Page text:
Thursday, December 01, 2011

The Morning Call Not a game changer + Subscriber Alert

The Market

The indices (DJIA 12045, S&P 1246) exploded upward yesterday, remaining within their intermediate trading ranges (10725-12919, 1101-1372)--so much for the 50 day moving average and the S&P looking technically weak. Although to be fair, the fundamentals clearly trumped everything yesterday (see below).

As far as levels to watch now: (1) the late November lows now become a support level [11257, 1158], the 11741, 1230 resistance turned support turned resistance are now support levels again, (3) the very short term down trends off the late October highs now intersect at 12065, 1245--a move through this resistance would be positive, (4) the S&P 200 day moving average now intersects at approximately 1265.

As you might expect, volume and breadth were both strong; and the VIX traded lower than the upper zone of its current trading range--a positive if it can just stay/move down.

GLD rose nicely and closed within its intermediate term up trend.

Bottom line: the technical picture has changed rather markedly with yesterday’s rally. Certainly it is not near as negative. Our internal indicator proved right though one has to question whether we were just lucky or some kind of bail out was already being priced into stocks.

However, as good as this all felt, I don’t thing it changes anything in the intermediate term picture, i.e. I don’t think stocks trade above the 12919, 1372 upper boundary of the current trading range. That leaves some room to the upside; though in a flat Market, I only want our Portfolios buying stocks that are either in their Buy Value Range or that we made trading sales at higher prices. There simply aren’t any of those varieties around. That leaves us basically neutral; though all our Portfolios are going to Buy a small trading position in the Vanguard Dividend Appreciation ETF (VIG) and hope that it turns out better than the last time, I tried this.



The economic news continues positive: (1) the ADP private payroll report was much better than anticipated, (2) third quarter productivity was basically in line, (3) November Chicago PMI was a blow out, (4) as were October pending home sales, (5) and finally the release of the latest Fed Beige Book showed most sectors of the economy improving in most sectors of the country. In other words, our economic forecast of slow sluggish recovery is not in jeopardy. If anything, our forecast (even though it hasn’t changed) may again be moving from the too optimistic camp to the too pessimistic.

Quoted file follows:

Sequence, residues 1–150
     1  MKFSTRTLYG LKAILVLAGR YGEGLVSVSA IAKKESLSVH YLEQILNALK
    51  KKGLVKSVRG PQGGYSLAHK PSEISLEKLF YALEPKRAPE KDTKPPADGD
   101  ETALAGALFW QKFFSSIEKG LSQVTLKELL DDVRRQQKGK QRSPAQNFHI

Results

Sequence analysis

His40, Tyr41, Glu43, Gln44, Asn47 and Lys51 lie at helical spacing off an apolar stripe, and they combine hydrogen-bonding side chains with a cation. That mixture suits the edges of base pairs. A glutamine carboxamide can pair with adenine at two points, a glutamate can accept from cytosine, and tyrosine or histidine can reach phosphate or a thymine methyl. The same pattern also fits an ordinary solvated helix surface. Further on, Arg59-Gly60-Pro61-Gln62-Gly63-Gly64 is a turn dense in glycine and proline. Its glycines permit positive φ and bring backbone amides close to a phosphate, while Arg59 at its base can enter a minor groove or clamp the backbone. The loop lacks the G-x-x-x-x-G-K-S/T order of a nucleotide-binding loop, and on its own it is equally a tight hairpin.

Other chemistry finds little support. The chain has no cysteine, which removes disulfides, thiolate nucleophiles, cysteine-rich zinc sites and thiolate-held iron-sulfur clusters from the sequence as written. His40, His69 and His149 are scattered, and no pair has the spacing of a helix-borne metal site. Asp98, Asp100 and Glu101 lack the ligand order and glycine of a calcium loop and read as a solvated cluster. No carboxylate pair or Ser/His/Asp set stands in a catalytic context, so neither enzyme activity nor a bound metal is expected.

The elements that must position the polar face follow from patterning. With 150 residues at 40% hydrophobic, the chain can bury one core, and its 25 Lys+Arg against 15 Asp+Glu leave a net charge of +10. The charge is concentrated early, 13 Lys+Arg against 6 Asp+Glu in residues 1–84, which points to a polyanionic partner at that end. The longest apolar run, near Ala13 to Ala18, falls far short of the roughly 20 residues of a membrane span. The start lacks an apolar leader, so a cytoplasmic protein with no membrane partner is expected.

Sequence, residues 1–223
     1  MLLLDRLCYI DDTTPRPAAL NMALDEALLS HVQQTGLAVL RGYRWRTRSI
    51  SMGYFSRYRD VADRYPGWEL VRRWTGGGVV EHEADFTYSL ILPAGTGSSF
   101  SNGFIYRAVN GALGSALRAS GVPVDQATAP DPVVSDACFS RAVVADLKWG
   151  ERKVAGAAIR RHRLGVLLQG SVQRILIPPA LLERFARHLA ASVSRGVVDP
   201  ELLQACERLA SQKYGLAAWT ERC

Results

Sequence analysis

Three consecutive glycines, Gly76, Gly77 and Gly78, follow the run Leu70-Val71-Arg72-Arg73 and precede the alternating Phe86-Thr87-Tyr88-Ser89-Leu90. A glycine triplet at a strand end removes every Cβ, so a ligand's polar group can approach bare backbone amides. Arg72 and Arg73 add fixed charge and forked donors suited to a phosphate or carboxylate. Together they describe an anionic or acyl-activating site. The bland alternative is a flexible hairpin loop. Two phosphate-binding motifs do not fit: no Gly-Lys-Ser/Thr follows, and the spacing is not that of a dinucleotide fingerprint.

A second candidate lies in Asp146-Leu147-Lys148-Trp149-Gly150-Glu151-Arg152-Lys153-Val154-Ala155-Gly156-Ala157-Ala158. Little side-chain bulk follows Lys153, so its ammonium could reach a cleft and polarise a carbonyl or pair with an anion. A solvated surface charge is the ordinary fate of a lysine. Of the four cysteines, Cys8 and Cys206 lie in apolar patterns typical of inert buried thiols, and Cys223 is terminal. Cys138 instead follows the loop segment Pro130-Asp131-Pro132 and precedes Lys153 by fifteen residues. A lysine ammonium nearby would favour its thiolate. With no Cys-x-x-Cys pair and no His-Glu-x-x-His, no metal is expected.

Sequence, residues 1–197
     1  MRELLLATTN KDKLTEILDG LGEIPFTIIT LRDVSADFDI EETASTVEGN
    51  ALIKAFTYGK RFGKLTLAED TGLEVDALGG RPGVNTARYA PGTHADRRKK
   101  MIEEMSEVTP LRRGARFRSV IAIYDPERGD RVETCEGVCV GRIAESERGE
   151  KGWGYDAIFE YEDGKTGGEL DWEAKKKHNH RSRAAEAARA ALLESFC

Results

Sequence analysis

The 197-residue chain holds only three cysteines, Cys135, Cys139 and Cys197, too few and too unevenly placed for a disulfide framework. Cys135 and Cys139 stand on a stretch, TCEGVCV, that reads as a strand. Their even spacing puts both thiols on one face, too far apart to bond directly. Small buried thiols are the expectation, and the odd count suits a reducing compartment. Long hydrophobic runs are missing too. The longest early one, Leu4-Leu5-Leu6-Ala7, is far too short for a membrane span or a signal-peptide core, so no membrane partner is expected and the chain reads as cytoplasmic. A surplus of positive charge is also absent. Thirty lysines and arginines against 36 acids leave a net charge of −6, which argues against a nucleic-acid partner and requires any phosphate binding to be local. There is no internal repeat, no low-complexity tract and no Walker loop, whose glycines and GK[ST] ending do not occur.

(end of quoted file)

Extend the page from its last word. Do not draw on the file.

Unlike the recent past, this data did have a salutary effect on the Market; although again Europe with a little help from China provided the two inch headline. First on China; its central bank lowered reserve requirements, in essence easing monetary policy. Investors have been concerned that the Chinese economy was headed for a ‘hard’ landing. This latest move helps assuage the worries that the Chinese government may wait too long to respond to that threat.

I have already covered the coordinated global central bank effort to provide liquidity to EU financial institutions in an earlier post. But there are still points to clarify as we have learned more. First let me start with the conclusion: this action is not a game changer, but it does buy time to allow the EU to take the steps necessary to resolve their sovereign debt problem. Now a few more specifics;

(1) this credit facility is being made available to the EU banks, not the countries. Its purpose is to overcome a short term freeze up in liquidity in the EU financial system. So the Fed is not buying EU sovereign debt, it is lending money to the banks.

You may recall from past discussion that, in my opinion, the biggest risk to our economy/market forecast was not a default, or even multiple defaults nor was it the economic fallout from the default [s] itself; rather it was the fallout from the collapse those defaults would cause in the EU financial system and the spillover in to the US banks, i.e. the resulting inability of the European banks to meet their obligations as counterparties to CDS’s owned by US banks.

These measures address that risk directly. They don’t solve it; but they keep the banks alive in order to give the EU (read Germany) time to come up with a solution to address the real problems: the fiscal profligacy and lack of any growth plans for many of the EU members. In short, the risk of the EU financial system imploding has been lowered for the short term,